Aspartame: What common foods contain the sweetener that possibly causes cancer?

Regulator says a 9-stone person would need to drink 12 to 36 cans of Diet Coke a day to see adverse affects from aspartame

Bottles of Diet Coke are seen on display at a market in New York City, New York, U.S., June 28, 2023. REUTERS/Mike Segar
Aspartame is found in soft drinks such as Diet Coke. (Reuters)

A sweetener used in Diet Coke and other sugar-free fizzy drinks may cause cancer, the World Health Organization (WHO) is reportedly set to announce.

Aspartame – which is listed in the ingredients of the popular soft drinks brand – is set to be listed by the WHO's International Agency for Research on Cancer (IARC) as “possibly carcinogenic to humans” from next month, according to the Reuters news agency.

Since 1981, the Joint US Food and Agriculture/WHO Expert Committee on Food Additives (JECFA) regulator has said aspartame is safe to consume within accepted daily limits, which depends on a person's bodyweight.

It estimates that a nine-stone person would need to drink 12 to 36 cans of Diet Coke a day to see adverse affects from aspartame.

Experts responding to the Reuters have urged people to wait for the IARC's final announcement, emphasising that possibly being carcinogenic does not mean that a substance actually presents a risk to humans in normal circumstances.

According to the American Academy of Family Physicians, aspartame is one of the most studied sweeteners in the world – with more than 100 studies carried out into the product.

While the WHO is to list it as potentially cancer-causing, aspartame has not been listed as carcinogenic by the US National Cancer Institute.

In the UK, aspartame is approved for use. According to the NHS: "There have been reports that the use of sweeteners is linked to other health issues but the evidence base for this is limited," while Cancer Research UK has maintained that sweeteners do not cause cancer.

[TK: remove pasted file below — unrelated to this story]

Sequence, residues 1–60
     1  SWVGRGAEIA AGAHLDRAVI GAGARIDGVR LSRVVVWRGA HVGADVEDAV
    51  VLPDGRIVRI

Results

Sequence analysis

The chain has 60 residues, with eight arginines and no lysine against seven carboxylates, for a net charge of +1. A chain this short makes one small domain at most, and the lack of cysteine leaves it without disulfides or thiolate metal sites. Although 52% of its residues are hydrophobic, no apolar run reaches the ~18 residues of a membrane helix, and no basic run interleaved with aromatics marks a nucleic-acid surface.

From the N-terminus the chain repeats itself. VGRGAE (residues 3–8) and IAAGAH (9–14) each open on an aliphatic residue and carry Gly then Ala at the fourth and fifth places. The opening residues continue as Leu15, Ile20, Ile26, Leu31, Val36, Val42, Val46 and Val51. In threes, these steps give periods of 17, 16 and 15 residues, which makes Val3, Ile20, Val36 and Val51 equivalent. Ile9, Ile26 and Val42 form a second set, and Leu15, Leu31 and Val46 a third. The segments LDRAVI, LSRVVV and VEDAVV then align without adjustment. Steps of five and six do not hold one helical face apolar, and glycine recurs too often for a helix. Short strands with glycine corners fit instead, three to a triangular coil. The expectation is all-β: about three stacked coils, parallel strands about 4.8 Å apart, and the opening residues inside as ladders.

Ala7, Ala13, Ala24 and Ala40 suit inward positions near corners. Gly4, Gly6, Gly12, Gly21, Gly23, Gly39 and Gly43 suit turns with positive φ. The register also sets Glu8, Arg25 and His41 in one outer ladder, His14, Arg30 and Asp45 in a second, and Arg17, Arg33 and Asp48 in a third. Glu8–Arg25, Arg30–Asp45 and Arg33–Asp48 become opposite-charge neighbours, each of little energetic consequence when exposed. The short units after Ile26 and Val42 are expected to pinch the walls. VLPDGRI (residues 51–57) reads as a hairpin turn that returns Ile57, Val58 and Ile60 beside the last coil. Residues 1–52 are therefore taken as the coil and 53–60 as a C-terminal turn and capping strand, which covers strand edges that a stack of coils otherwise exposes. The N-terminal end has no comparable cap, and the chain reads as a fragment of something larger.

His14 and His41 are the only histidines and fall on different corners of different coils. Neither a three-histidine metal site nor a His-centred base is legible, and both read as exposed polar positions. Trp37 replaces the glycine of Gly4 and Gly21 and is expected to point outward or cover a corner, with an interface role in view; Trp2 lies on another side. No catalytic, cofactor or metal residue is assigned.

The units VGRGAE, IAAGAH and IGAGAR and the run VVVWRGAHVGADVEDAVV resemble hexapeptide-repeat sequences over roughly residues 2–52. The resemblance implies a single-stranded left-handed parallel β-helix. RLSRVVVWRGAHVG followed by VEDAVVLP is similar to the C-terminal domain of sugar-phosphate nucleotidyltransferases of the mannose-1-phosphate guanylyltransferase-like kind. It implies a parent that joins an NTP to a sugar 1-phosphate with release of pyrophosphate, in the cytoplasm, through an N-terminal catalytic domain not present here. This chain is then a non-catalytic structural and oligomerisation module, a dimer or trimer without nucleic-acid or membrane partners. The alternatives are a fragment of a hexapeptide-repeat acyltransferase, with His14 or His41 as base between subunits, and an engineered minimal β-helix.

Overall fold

The sweetener is also listed as having other potential side-effects, with one study from Massachusetts General Hospital in 2022 suggesting aspartame could contribute to weight gain, although the NHS says using sweeteners rather than sugar can aide weight control.

“Aspartame consumption needs to be approached with caution due to the possible effects on neurobehavioral health," the authors of a 2017 study in Nutritional Neuroscience said, suggesting the sweetener could cause cognitive and behavioural problems including anxiety, depression and insomnia.

But aspartame, which is also listed as E-number E951, isn't just in fizzy drinks – it can be found in a number of other foods people consume on a regular basis.

Colorful breakfast cereal with milk fills spoon in foreground with cereal in glass bowl on pink background in out-of-focus background
Aspartame can also be found in some breakfast cereals, as well as other foods and fizzy drinks. (Getty)

Here's where else you can find the artificial sweetener:

  • Breakfast cereals

  • Chewing gum

  • Chewable vitamins

  • Gelatin

  • Ice cream

  • Puddings

  • Tabletop sweeteners

  • Ice-cream toppings

  • Fruit spreads,

  • Low-fat yogurts

  • Mousses

Aspartame: What the experts say

Professor Kevin McConway, from the Open University, urged people to wait for the IARC's final announcement.

He also emphasised that possibly being carcinogenic does not mean that a substance actually presents a risk to humans in normal circumstances.

Caramel and chocolate indulgent extreme milkshakes with brezel waffles, popcorn, marshmallow, ice cream and whipped cream.
Ice cream and toppings often contain aspartame. (Getty)

He said: "The IARC experts do not assess whether, in practice, a substance or exposure presents a cancer risk to people. Instead they assess whether it would ever be capable of presenting a risk, under any circumstances, even if the only harmful circumstances are really, really unlikely to occur."

Professor Oliver Jones, professor of chemistry at RMIT University in Melbourne, Australia, said: “We really need to wait and see the full IARC evaluation before we can make any firm conclusions. Without that we are really shooting in the dark. We don’t know what the terms of the assessment were, or what criteria they used to rule evidence in or out.

“It is also important to note that just because something may possibly cause cancer does not mean that it automatically does if you are exposed to it. The dose makes the poison.

Professor Tom Sanders, professor emeritus of nutrition and dietetics at King’s College London, said: “As far as I am aware there is no evidence from human prospective studies linking aspartame use to cancer and regulatory authorities have extensively reviewed the toxicological data and given aspartame a clean bill of health.”

Yahoo News has contacted Coca-Cola for comment.